According to tradition, there are two ways to become a fitting container for the light of G-d. Developing oneself through Torah is the ideal way, as Rebi Yehoshua of the above story did. The other way is a less pleasant way–to say the least. And, unfortunately, it seems to always involve some aspect of Amalek in the process.
Remember what Amalek did to you along your way when you left Egypt. He confronted you on your way, and attacked the feeble stragglers who trailed behind you, while you were tired and exhausted. He did not fear G-d. Therefore, when G-d, your G-d has given you rest from all your enemies around you in the land which G-d, your G-d gives to you as an inheritance, annihilate every trace of Amalek from under heaven. Do not forget this. (Devarim 25:17-19)
As usual, Parashas Tetzaveh is Parashas Zachor, when, in advance of Purim, we remember what Amalek did to the Jewish people after they left Egypt, right before they arrived at the Sinai Desert. Haman descended from Amalek, and therefore the battle against Haman was really a battle against our old nemesis, Amalek.
The Talmud asks:
Where is there an allusion to Haman in the Torah? “From (heh, mem, nun) the tree did you eat?” (Bereishis 3:11). (Chullin 139b)
Purim was a holiday that was established after the Torah was written down. The Torah ended its narration with Moshe’s death in 2448/1273 BCE, and the miracle of Purim didn’t occur until the year 3408/353 BCE. The Talmud, basing itself on the well-known principle that everything is in the Torah, looked for and found a hint to the story of Purim, even though it occurred long after the close of Torah.
However, the Talmud wasn’t simply looking for a matching word. Yes, it is true that the word G-d used to ask Adam if he had eaten from the forbidden Tree of Knowledge of Good and Evil has the same letters as Haman. Nevertheless, the Talmud’s question runs deeper: What is the source of Haman in creation? What made the existence of Amalek possible in creation in the first place? What empowered him to do evil in G-d’s world?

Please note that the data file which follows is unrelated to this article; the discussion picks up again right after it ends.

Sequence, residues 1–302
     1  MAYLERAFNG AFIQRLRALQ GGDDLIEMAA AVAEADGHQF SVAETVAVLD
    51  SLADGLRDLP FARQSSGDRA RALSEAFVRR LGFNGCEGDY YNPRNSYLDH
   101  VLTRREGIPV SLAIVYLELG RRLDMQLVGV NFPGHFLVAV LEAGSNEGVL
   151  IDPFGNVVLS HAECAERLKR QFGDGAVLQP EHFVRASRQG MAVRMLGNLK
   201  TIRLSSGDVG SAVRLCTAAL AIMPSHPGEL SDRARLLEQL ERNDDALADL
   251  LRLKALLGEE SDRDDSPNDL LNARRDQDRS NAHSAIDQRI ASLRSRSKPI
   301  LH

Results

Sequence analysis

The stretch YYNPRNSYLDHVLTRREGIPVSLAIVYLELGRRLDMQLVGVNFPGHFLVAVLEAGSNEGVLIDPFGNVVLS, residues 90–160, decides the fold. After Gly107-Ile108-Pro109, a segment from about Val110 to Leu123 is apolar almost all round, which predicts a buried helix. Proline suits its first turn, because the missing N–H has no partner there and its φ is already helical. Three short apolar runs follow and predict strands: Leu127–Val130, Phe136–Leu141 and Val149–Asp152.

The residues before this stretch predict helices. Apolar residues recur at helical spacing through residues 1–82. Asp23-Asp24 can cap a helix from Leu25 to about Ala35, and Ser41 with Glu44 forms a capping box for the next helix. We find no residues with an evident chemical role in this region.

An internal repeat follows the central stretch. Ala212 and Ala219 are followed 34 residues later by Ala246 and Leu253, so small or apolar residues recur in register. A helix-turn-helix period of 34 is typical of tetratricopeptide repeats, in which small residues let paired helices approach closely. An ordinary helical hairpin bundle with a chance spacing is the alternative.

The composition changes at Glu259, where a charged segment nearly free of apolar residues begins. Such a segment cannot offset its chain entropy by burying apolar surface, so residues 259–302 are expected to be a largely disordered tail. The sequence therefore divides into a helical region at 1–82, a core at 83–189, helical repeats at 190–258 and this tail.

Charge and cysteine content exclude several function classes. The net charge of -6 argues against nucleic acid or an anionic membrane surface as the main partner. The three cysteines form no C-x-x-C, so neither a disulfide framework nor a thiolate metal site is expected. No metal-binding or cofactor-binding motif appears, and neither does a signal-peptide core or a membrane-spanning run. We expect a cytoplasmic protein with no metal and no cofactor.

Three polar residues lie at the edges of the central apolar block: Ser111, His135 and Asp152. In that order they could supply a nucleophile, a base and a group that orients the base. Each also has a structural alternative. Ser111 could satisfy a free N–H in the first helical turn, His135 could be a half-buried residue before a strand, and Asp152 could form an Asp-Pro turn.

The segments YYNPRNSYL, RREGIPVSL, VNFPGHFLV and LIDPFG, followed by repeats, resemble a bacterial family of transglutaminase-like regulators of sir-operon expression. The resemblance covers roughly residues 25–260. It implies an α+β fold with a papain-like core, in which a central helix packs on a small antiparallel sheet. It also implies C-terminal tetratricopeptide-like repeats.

The Talmud’s deeper answer?
The eating from the Tree of Knowledge of Good and Evil, which has another name: Elona d’Sfeikah–the Tree of Doubt. That is what gave rise to Amalek, and empowered him to impose his evil ways on creation. For, as we have made note of on many occasions, the numerical value of “Amalek” (ayin, mem, lamed, kuf) is the same as that of the Hebrew word, “sufek,” which means “doubt.”
It is interesting how, in Hebrew, that the word “sufek” takes on a whole different meaning with the additional of two vowels: yud and vav. However, there are very few feelings of discontent greater than doubt, and yet, there are very few words that mean just the opposite than the word “sipuk,” which means, “satisfaction.”
Conceptually, this is what Amalek tries to do to man–to remove the yud and vav from his life, so that our “sipuk” becomes “sufek,” and our sense of gratitude towards G-d turns to doubt in His existence. Kabbalistically, the letter “yud” stands for G-d, and the letter “vav” symbolizes His revelation in the world in which we live.
The process is always the same. First, Amalek makes us look at daily life in such a way as to deny us the reality of Divine Providence. The Midrash says that a blade of grass only grows because a angel stands over it, commanding it to grow. Amalek says that not even the awesome universe requires a G-d to create it or run it.
The Torah (and the truth is, logic as well) tells us that G-d is Infinite, and the Master over creation. Amalek says, “If we can attack the Jewish people even while they are under the protection of G-d, then what kind of protection is that? Is there really a G-d up there after all?”
Amalek has many ways to accomplish this task. How he does it matters less than the fact that you can look around the world today and see just how many billions of people live without belief in Divine Providence, and very few even believe in G-d in Heaven. He’s good, Amalek, isn’t he–quite efficient, is he not?
However, Amalek is not completely impenetrable–he is vulnerable too. In fact, one word can undo even the most elaborate of his schemes. What is that word? It is the word, “why.” Amalek does not mind if you ask “how,” because “how” doesn’t always lead one to G-d; on the contrary, it can lead one away from G-d. But “why”? Well, if you keep asking “why” enough times, you will get to the bottom of creation, or more accurately, the “top” of creation–the Creator Himself.
“Climbing” the Tree of Knowledge of Good and Evil can lead away from G-d, which is where G-d found Adam, and Adam found Amalek. However, “climbing” the Tree of Life–Torah–can lead only one way, out of the realm of good and evil and the doubt they foster, and into the realm of True and False; it takes the wind out of Amalek’s sails. THAT world is a world free of doubt, free of Haman, and free of Amalek. In such a world, there is only sipuk.
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REMINDER: “Redemption to Redemption: The very deep and intricate connection between the holidays of Purim and Pesach,” has now been edited and is available for order. If you are interested, contact me directly at: [email protected]
Have a great Shabbos,